Edinburgh International Film Festival – Tokyo Pop

Edinburgh International Film Festival 2023 – Tokyo Pop,
Directed by Fran Rubel Kuzui,
Starring Carrie Hamilton, Diamond Yukai (aka Yutaka Tadokoro), Hiroshi Kobayashi, Hiroshi Sugita, Satoshi Kanai, Rome Kanda

The Edinburgh film fest usually includes some retrospectives of older films, as well as showcasing new work, and even with the very slimmed down festival we’re having this August (after us almost losing the festival last autumn, as we covered, I’m just grateful we have it at all, frankly) there was still room for some older gems, including this 1980s piece, which somehow I had never come across before.

Tokyo Pop, created in 1988, was the first directing gig for Fran Rubel Kuzui, who I am sure many of you will know for her association with Buffy the Vampire Slayer and Angel, and Fran was at the festival, talking with the audience after the screening, explaining at one point how damned hard it was for a woman to become a Hollywood director back in the 80s, even on a small budget, Indy film (the gender ratio is still bad today, but back then, even worse).

It’s a deceptively simple story – an American woman, Wendy Reed (the late Carrie Hamilton) is fed up with being relegated to backing singer duties by useless rock and roll boyfriends in 80s New York. When a postcard from Japan arrives from her friend who is staying there, saying “wish you were here”, and adding that the Japanese youth love American rock culture, she decides to take her friend at her word and go there, with no plan, no skill in Japanese, not even a map of Tokyo, just a vague plan of becoming a music star there.

The cultural fish out of water scenario is compounded when she arrives to find her friend has already moved on and is now in Bangkok, leaving her trying desperately to find somewhere to stay and to get a job so she can get some money. Her “exotic” gaijin (foreigner) looks help her get a job in a hostess bar – it helps pay the bills, but it’s not exactly the rock and roll fame she was seeking. Meanwhile Hiro (actor and rock star Diamond Yukai) and his band is struggling to get noticed by the local big producer or land paying gigs.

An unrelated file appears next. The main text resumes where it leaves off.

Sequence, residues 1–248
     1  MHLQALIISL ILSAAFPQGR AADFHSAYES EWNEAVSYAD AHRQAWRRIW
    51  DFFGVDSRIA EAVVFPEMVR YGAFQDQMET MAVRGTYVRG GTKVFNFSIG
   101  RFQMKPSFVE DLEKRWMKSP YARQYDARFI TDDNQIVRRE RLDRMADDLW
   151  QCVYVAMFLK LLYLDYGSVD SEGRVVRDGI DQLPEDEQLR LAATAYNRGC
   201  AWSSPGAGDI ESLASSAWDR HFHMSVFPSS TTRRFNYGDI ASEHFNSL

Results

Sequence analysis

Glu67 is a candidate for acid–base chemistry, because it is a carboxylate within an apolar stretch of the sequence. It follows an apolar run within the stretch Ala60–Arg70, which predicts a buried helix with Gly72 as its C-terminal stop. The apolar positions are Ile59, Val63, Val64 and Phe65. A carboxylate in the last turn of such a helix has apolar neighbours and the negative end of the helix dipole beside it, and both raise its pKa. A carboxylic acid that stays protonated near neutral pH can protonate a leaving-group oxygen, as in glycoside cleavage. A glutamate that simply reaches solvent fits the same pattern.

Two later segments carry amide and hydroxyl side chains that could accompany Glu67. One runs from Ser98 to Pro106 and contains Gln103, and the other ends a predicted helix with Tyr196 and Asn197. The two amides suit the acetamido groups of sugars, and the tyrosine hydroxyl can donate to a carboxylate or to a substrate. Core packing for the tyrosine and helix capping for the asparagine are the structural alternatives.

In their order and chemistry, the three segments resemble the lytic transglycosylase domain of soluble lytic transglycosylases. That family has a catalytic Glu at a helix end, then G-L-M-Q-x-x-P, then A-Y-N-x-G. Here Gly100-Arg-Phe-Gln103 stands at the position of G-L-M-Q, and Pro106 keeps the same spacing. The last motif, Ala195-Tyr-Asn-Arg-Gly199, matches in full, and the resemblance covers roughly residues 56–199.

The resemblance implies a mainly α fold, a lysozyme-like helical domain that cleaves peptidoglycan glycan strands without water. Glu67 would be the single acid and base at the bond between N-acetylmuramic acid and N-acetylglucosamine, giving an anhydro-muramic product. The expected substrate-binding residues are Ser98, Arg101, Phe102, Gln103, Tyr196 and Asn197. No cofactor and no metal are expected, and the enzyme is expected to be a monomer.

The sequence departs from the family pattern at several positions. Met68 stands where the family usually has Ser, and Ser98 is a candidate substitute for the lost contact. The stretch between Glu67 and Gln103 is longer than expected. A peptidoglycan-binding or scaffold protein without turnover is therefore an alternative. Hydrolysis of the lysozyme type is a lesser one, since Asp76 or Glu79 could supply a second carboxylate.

Their first encounter with Wendy goes badly when Hiro’s less than expert grasp at English leads him to misunderstand the situation when she tells him she needs a hotel for the night, and he thinks she means one of the city’s many “love hotels”. Such comic misunderstandings are part and parcel of this kind of tale, and we all know that sooner or later they are going to become close, and that she will be the thing that makes their band stand out, especially in an 80s Japan that was always hungry for new fads.

 

In some ways Tokyo Pop is of its time – this was the 1980s, and this would fit nicely into an evening of 80s viewing with some John Hughes flicks, and of course the styles and music mark the era. And yet at the same time it feels very fresh – it’s that cultural misunderstanding Schick which is still funny (and goes both way, not just her ignorance of Japan, but the Japanese characters attempting Western rock without really understanding it). It’s a bit drama, it’s a bit romantic-comedy, it’s a bit musical, but mostly it is just a charming delight of a film, the two main leads radiating that youthful, naïve confidence, lighting the screen up with huge smiles and a tremendous sense of fun and pure charm. A total delight, now restored into 4k.

This review was originally penned for Live For Films

Edinburgh International Film Festival - Fran Rubel Kuzui 03
(Co-writer and director Fran Rubel Kuzui talking to the Edinburgh film fest audience – pic from my Flickr)